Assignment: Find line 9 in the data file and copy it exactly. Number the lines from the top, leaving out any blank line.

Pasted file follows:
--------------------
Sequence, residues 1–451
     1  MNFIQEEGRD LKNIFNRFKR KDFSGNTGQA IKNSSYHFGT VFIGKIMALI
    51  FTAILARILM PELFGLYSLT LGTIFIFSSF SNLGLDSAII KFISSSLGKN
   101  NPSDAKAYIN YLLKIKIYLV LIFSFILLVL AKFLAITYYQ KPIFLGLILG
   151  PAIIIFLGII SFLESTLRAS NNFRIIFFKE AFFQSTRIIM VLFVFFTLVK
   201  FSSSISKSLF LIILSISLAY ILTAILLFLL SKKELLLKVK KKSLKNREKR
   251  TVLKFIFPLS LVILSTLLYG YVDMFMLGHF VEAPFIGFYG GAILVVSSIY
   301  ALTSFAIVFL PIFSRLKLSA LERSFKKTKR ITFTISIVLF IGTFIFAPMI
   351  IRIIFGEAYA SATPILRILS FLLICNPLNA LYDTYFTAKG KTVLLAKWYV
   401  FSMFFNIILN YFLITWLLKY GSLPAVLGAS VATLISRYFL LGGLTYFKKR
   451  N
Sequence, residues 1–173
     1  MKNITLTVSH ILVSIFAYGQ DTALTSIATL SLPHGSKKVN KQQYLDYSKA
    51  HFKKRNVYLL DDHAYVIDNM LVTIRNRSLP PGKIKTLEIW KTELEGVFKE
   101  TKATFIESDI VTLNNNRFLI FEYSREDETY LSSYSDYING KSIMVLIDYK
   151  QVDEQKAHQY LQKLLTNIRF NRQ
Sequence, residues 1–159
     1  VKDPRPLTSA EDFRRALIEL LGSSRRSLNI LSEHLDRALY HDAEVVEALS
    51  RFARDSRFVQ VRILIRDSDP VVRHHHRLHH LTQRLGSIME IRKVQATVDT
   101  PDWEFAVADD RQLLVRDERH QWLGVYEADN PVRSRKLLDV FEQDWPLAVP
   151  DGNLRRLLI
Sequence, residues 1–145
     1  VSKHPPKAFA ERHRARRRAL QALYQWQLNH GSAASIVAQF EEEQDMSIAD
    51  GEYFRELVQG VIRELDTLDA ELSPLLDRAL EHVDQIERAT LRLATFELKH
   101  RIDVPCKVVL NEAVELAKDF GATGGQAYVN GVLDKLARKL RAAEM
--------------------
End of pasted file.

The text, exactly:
   351  IRIIFGEAYA SATPILRILS FLLICNPLNA LYDTYFTAKG KTVLLAKWYV